According to another aspect of the invention, the various distributed management units DSM1 through DSM6 are connected to one another via a very high-speed bus B. They are also linked, again via this bus B, to a centralized management unit NSM.
This latter unit, NSM, which can be constituted based on a work station, for example running on the “UNIX” operating system, comprises storage means, for example a disk, storing a data base CDB. These data comprise the description of the system, and in particular of all the storage resources and their characteristics (capacity, operating mode, protocols, etc.). They also comprise data describing the allocation of these storage resources to the various servers S1 through S3 of the data processing system 1. It must be clear that each storage resource, and more particularly the magnetic tape library TL4, the “disk farm” FD6 and/or the remote storage resources, STOe, can be shared by a plurality of servers S1 through S3. This sharing can take place on a dynamic basis, in the sense that it is not set once and for all and/or that it depends on the applications currently running. The magnetic tape or cartridge library can be used specifically for periodic operations for backing up all or some of the data stored in the disks of the system 1, disks attached directly or indirectly to one or more servers S1 through S3.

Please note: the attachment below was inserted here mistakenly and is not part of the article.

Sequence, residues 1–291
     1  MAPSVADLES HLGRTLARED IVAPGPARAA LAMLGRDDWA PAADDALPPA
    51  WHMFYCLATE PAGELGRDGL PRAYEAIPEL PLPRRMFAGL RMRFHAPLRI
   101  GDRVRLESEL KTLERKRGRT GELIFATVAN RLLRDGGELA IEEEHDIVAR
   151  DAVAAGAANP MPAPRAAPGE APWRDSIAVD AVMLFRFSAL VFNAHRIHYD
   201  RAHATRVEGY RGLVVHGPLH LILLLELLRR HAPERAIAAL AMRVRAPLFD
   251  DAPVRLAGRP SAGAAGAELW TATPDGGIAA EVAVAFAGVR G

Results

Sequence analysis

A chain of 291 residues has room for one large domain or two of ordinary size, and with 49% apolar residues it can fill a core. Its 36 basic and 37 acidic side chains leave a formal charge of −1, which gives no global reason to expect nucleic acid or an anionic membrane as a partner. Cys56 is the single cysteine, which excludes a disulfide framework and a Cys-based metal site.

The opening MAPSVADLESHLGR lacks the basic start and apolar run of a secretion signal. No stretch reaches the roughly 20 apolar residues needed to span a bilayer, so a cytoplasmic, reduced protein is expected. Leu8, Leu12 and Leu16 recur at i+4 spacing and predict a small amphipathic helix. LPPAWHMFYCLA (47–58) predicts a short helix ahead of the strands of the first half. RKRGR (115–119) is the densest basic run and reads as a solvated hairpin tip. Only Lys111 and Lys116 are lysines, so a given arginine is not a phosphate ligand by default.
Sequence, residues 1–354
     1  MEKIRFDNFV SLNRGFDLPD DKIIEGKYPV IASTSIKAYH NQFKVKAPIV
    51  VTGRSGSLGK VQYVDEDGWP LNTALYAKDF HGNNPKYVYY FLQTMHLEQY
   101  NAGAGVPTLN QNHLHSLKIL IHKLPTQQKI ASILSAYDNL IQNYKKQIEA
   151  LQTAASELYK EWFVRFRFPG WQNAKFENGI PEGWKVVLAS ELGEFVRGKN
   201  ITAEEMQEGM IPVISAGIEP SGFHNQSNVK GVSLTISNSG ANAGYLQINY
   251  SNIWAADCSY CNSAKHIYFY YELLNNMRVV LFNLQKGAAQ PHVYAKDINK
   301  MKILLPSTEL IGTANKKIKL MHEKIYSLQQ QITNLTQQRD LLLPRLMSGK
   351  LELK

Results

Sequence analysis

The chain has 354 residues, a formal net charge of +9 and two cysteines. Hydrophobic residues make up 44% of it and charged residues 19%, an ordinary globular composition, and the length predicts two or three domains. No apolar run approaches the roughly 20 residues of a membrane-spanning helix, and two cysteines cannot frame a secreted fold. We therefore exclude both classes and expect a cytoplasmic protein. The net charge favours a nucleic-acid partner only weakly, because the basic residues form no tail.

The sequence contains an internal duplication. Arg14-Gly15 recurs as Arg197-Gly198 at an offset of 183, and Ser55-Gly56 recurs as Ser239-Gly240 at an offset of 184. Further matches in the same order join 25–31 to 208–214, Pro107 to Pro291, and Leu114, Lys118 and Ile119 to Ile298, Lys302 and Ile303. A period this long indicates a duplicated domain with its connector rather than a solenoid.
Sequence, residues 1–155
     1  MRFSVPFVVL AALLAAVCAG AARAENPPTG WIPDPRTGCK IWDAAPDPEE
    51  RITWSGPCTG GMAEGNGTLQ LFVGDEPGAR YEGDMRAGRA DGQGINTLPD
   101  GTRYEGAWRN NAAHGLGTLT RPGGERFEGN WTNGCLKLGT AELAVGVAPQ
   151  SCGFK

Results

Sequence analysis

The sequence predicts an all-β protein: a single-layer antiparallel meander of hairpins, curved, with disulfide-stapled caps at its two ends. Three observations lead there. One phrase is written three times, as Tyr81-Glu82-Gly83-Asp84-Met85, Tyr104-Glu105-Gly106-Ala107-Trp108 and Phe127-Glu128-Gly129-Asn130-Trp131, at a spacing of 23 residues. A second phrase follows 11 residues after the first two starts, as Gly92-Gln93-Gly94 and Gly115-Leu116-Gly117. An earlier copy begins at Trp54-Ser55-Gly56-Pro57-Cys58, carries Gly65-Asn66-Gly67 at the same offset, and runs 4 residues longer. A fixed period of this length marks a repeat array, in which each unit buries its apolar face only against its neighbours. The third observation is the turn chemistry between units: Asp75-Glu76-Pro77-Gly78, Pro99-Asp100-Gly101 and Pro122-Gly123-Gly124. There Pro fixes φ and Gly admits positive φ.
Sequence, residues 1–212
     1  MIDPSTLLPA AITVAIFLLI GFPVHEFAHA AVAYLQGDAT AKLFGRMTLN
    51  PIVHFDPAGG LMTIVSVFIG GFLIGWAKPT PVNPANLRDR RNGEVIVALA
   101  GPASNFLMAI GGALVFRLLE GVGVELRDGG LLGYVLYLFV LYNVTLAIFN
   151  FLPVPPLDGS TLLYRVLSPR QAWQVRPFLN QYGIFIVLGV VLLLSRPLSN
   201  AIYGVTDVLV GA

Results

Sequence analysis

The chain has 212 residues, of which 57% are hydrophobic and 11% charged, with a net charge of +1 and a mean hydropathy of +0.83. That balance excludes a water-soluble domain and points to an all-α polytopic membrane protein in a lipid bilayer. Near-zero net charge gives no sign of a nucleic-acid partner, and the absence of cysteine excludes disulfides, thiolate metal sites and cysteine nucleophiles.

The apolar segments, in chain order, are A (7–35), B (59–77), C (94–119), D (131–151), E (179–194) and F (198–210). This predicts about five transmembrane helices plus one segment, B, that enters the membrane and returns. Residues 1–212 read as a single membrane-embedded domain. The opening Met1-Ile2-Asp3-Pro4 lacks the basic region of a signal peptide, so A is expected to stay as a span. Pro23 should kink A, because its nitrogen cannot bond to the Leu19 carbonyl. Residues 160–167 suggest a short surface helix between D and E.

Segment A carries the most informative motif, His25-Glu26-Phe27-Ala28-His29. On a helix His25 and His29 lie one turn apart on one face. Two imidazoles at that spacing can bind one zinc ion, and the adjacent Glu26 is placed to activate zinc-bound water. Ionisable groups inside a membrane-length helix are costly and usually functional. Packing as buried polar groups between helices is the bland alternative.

From the above-mentioned data of the recorded data base CDB, the centralized management unit NSM develops, in a known way, the above-mentioned specialized programs, or “intelligent agents.” To do this, according to an advantageous aspect of the invention, it takes advantage of a programming technology of the “JAVA-Applets” type, also used in conjunction with the “INTERNET” network. It uses an object-oriented language and an environment of the “runtime” type, which means that the programs can run automatically upon reception in the target unit. In effect, the running of these programs does not depend on the receiving environment (the operating system: “UNIX,” “Windows NT,” “Windows95,” [registered trademarks], etc.). It is said to be a “Virtual JAVA Machine.” “JAVA” applications can run in all the units in which a “Virtual JAVA Machine” is installed. The running of the programs is therefore independent of the platform used. Finally the communications are take place in the “Client-Server” mode.
The invention benefits from these advantageous characteristics. The “intelligent agents” are programmed in “JAVA” language and transmitted dynamically and selectively, via the high-speed bus B, to the various distributed management units DSM1 through DSM6, whether they be physical or logical (that is, in the latter case, combined with the servers). Upon reception, the programs run automatically in the units DSM1 through DSM6. In practice, this running translates into the downloading and storing of instructions into the random access memory of these units (or servers when the units DSM1 through DSM6 are logical).
These instructions specifically allocate, at a given instant, a virtual memory space (for example, in FIG. 3b: D′xyz) to the server (for example Sx) associated with a given distributed management unit (for example DSMx).